Students are likely to bring some understanding of the procedural programming paradigm, as it dominates study at the previous, lower level. Practical experience of programming in a procedural language will cement concepts and deepen understanding as they move towards writing modular code and rigorous program testing. They will develop better, and more complex, ways to control program flow, and to manipulating data in memory and in external files.
Links and Resources
This resource is a comprehensive beginner’s guide to creating procedural programs using Python 3. It would be suitable for self-paced learning and independent work. There are also activities that are suitable as homework tasks that reiterate key terms and concepts. It was originally developed for the pre-2015 specification however, coverage is sufficient for the new versions also.
Two worked example coding challenges from OCR that are useful for teachers as a teaching aid. These can be used to illustrate the relationship between a flow chart, pseudo-code and program code.
This resource covers the topics of functions and recursion. Students are provided with Python code and need to think through exactly what the code will do.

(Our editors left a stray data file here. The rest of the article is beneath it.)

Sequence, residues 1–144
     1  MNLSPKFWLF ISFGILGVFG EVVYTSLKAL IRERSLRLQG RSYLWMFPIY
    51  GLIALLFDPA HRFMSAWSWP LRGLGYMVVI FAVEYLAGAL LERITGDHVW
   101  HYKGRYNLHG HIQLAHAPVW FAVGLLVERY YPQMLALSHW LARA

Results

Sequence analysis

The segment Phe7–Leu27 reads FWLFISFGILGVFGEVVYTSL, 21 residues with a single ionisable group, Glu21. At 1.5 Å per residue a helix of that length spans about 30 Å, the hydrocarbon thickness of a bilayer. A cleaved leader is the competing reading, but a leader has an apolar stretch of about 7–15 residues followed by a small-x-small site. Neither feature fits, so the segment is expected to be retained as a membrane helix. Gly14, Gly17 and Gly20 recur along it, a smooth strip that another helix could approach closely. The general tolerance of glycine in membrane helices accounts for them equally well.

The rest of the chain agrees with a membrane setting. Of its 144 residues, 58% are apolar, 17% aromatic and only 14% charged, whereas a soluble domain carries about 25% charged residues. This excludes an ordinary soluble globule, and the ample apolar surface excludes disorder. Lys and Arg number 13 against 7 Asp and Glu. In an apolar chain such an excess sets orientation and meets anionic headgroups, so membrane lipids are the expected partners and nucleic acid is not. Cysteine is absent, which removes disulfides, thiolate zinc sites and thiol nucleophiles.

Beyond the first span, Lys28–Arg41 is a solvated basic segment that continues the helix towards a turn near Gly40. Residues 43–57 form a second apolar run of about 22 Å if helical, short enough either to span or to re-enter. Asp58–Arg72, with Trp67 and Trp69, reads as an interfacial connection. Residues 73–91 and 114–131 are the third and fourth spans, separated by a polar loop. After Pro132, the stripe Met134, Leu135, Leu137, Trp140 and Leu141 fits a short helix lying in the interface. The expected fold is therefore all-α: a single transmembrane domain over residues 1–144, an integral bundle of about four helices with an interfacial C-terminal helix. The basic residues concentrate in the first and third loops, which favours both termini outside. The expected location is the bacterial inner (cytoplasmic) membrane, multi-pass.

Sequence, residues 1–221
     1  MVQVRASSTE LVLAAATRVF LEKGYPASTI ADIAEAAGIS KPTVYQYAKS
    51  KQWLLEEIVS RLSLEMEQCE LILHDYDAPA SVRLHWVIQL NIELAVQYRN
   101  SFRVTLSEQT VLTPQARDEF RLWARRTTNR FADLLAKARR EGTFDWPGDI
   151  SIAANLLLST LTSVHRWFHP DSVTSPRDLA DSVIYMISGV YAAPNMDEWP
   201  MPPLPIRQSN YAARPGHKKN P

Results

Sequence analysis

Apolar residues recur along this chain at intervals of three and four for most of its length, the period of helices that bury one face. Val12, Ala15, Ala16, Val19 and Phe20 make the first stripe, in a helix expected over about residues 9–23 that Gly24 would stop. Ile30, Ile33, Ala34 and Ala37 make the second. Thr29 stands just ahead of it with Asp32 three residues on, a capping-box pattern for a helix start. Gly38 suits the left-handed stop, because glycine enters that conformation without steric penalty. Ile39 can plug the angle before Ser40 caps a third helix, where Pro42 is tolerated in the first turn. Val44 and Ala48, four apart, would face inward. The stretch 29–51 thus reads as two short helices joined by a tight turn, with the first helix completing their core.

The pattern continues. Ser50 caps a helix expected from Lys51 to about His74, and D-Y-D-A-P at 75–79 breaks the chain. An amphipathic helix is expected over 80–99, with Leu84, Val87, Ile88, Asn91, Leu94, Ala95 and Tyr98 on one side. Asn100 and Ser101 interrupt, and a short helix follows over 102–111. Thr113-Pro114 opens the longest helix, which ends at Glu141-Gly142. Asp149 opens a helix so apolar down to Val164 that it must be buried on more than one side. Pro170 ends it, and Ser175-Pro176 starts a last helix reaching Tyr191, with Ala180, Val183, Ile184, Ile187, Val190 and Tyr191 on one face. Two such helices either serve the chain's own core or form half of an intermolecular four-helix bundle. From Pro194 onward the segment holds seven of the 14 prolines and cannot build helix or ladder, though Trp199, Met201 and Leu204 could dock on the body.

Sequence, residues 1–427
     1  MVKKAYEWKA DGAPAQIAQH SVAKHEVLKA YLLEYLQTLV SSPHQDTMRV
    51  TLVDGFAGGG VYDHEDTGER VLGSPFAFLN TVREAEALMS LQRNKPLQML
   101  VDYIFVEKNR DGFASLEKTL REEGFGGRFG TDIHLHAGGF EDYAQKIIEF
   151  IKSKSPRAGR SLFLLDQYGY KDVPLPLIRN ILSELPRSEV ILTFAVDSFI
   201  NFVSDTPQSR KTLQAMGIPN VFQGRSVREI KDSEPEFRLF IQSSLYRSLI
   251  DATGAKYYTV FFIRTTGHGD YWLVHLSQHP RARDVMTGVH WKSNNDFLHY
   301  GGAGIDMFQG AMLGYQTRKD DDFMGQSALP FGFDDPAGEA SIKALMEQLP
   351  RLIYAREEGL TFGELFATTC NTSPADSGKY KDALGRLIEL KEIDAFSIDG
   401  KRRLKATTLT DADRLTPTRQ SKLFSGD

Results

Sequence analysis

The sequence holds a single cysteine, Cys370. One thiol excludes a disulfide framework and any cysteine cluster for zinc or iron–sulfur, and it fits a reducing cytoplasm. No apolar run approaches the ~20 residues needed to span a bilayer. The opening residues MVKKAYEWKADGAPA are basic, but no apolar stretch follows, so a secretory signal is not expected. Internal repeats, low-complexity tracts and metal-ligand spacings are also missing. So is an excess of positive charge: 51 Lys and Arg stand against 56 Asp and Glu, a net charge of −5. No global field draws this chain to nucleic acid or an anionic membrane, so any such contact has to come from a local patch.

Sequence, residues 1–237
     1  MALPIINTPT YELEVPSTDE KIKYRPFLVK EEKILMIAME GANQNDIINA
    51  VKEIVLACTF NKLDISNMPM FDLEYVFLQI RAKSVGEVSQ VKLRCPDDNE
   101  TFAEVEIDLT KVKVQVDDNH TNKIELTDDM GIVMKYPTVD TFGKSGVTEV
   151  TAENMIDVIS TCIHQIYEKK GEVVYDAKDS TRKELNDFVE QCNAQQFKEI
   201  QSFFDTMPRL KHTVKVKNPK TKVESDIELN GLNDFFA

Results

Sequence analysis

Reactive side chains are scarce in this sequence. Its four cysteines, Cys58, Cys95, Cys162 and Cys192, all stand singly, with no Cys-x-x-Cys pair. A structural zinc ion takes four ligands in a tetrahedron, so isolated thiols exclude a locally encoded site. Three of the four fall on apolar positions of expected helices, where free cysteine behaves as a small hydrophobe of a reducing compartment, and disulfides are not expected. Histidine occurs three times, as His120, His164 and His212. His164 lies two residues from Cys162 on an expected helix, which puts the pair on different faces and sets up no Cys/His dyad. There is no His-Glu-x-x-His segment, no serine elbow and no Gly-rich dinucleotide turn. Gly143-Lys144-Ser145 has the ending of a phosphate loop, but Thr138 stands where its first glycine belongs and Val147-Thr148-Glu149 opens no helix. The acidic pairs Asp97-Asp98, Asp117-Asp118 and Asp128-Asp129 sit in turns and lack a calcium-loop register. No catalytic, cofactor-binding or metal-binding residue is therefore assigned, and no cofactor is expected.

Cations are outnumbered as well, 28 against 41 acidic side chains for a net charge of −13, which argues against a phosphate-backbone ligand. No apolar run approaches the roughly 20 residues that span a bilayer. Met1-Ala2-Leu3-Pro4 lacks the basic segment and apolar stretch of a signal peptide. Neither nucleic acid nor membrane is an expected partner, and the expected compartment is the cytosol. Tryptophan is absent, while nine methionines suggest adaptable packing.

It is suggested that this booklet could be given to students as a sequence of homework activities to widen their programming experience. Challenges could also be isolated to illustrate particular techniques.
An excellent activity from CS4FN to train students’ eyes to spot errors in code. This would form a useful starter activity.
A very enjoyable group activity for students that will allow them to develop their decomposition skills and developing modules for each emotion that they need the face to display.
This document consists of presentation slides on the topic of software testing. It defines relevant keywords and explains testing methodologies. It could form a useful revision resource or comprehension questions could be designed around its contents.